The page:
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Not Your Average Pharmacy Job

Members Practice in All Kinds of Environments

Jun 01, 2010

Left to right: James A. Jorgenson, M.S., Vernie R. Coleman Daniels, M.S., Laurel Kinosian, FSVHP

PRACTICING PHARMACY IN A HOSPITAL OR HEALTH SYSTEM is a challenging and exciting field with abundant career opportunities. But have you ever wondered what it would be like to pursue a nontraditional career path? Although most ASHP members practice in hospitals and health systems, some clinical pharmacists work in unexpected places.

“There are so many things pharmacists have the skill sets to do,” said Vernie R. Coleman Daniels, M.S., a research pharmacist employed by acontractor who does pharmaceutical research at Johnson Space Center in Houston. “I never would have imagined when I was in pharmacy school that I’d be doing what I’m doing today,” Daniels said, adding that opportunities for pharmacists exist in a broad range of alternative environments.

Out of This World
For Daniels, working with NASA is a path of discovery. “Medications and drug delivery systems work differently in a weightless environment,” she said. “The information in the literature about standard forms and doses may or may not be applicable. The setting is harsh.”

Zero gravity is the most obvious difference between earth and space, Daniels said, but temperature, humidity, radiation, vibration, and storage logistics are also variables that can influence a medication’s performance in space.

“We have to become creative when considering dosage forms and dosage delivery systems, which may not work the same way in the space environment as they do on earth,” Daniels said. “The blessing is that our patient population is healthy, requiring little or no pharmacotherapeutic intervention. However, should the need arise, our job is to ensure that safe and effective medication is available.”

Going for Gold
James A. Jorgenson, M.S., executive director of pharmacy at Clarian Health Methodist Hospital’s Department of Pharmacy, Indianapolis, also had the opportunity to work with patients who, though quite healthy, came with their own set of challenges: He provided pharmacy services on-site at the 2002 Olympics in Salt Lake City. At the time, he was employed at the University of Utah, whose campus served as the Olympic Village. Having played college ice hockey and being a fan of numerous sports, Jorgenson jumped at the opportunity.

From the get-go, Jorgenson and his team had to tap into their own resources of ingenuity. “We thought there would be data from previous Olympics, but there wasn’t,” he said. “We had to design the forms and create the list of banned substances from scratch. “We had to work with about 20 different pharmacopeias in addition to learning which drugs might get an athlete into trouble.”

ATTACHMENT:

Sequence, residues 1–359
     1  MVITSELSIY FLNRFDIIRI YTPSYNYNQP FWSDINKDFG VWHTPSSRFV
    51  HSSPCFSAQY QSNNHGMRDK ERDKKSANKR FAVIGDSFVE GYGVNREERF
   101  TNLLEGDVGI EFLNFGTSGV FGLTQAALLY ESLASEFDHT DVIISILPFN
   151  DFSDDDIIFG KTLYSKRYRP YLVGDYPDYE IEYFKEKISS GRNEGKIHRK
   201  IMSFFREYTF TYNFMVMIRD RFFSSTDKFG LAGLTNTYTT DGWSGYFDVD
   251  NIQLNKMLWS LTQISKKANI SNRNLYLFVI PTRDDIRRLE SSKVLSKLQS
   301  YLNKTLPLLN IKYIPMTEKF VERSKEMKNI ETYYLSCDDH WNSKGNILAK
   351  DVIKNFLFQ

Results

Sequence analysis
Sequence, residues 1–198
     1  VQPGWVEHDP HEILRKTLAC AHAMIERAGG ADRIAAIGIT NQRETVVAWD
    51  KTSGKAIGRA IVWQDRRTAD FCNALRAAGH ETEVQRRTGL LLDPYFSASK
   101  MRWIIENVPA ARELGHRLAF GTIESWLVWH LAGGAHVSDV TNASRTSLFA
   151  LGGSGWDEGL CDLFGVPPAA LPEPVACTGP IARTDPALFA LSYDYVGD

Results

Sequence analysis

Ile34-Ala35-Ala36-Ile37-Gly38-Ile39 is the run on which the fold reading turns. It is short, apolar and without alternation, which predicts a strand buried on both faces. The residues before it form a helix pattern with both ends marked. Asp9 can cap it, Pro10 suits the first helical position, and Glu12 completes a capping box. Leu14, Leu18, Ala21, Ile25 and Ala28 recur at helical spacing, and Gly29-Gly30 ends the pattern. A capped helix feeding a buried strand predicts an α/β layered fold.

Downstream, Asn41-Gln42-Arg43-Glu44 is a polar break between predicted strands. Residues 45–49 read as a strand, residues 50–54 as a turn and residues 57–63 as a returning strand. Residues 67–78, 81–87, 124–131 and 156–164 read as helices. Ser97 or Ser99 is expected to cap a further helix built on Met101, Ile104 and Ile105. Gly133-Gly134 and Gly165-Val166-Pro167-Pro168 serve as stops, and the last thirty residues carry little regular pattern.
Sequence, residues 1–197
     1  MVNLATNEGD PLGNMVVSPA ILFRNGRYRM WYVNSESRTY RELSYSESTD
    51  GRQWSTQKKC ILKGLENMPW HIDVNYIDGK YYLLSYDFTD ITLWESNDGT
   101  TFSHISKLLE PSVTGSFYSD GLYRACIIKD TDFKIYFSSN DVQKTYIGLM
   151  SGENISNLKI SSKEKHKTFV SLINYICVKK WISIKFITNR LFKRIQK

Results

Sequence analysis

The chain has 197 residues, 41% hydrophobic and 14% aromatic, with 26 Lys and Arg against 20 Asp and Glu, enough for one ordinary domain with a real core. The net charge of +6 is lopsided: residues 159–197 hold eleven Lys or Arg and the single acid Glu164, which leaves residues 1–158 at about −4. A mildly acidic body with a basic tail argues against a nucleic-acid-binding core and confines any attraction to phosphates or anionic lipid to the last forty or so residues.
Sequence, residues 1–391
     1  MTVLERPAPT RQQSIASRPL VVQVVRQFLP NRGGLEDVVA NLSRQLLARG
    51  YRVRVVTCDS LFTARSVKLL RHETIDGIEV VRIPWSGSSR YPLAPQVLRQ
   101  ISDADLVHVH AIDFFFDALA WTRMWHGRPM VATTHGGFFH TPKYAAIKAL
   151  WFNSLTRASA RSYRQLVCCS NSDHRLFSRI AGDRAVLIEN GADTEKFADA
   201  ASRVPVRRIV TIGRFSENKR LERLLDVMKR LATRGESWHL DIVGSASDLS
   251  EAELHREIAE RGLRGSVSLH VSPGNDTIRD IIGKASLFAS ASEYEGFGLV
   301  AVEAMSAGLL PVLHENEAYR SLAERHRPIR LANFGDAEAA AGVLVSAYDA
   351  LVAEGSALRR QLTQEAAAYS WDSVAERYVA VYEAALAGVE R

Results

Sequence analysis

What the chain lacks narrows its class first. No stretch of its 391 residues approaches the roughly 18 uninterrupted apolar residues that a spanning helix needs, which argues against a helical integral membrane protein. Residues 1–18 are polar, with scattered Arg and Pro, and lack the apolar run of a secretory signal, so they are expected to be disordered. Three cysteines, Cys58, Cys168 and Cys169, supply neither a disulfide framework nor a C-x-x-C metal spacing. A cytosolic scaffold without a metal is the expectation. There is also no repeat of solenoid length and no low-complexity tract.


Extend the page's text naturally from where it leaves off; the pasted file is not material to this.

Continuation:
They also worked with Pfizer Inc. to create a drug information center for the athletes, their families, and visitors from all over the world—a potential patient population of nearly 250,000 people. “Fortunately, the Olympic Committee provided interpreters,” Jorgenson said.

Although no one can be sure when the U.S. will host the Olympics next, there are opportunities to get involved in pharmacy for athletes, Jorgenson said. “There are banned substances in every major sports league, which creates an opportunity for education,” he said. “In fact, I don’t know of any league that has a good education program, so that’s something to explore.”

All Creatures Great and Small
Interpreters may have helped Jorgenson at the Olympics, but they wouldn’t be of much assistance to Laurel Kinosian, FSVHP. As a clinical instructor of pharmacy with the University of Wisconsin-Madison School of Veterinary Medicine and president of the Society of Veterinary Hospital Pharmacists, Kinosian works with patients that bark, yip, growl, meow, squawk, hiss, or simply look at her.

Veterinary pharmacists have many of the same clinical and administrative responsibilities as their counterparts in hospital pharmacy. Compounded medications must comply with requirements of state and provincial boards of pharmacy, federal regulations, and legislative statutes, much like those created for human patients.

However, animals present a plethora of unique challenges. For one thing, many veterinarians prescribe human medications for use in animals. Because of this cross-species use, veterinary pharmacists must be research-oriented and curious, said Kinosian.

“How do I get this drug into this animal? Is there any dosing information? Is there anything in the literature about this drug in this species?” she said. “You can’t make assumptions from one species to another, and the answers aren’t necessarily written in a book somewhere.”

To that end, veterinary pharmacists often turn to one another. “Veterinary pharmacy is a smaller world than human pharmacy,” Kinosian said. “That’s one of the best parts about it for me. We all get to know each other, and everyone helps.”

Getting Started
If you are interested in exploring all the options available for pharmacists who practice within hospitals and health systems, take a look at ASHP’s CareerPharm website or the information and resources on ASHP’s website.

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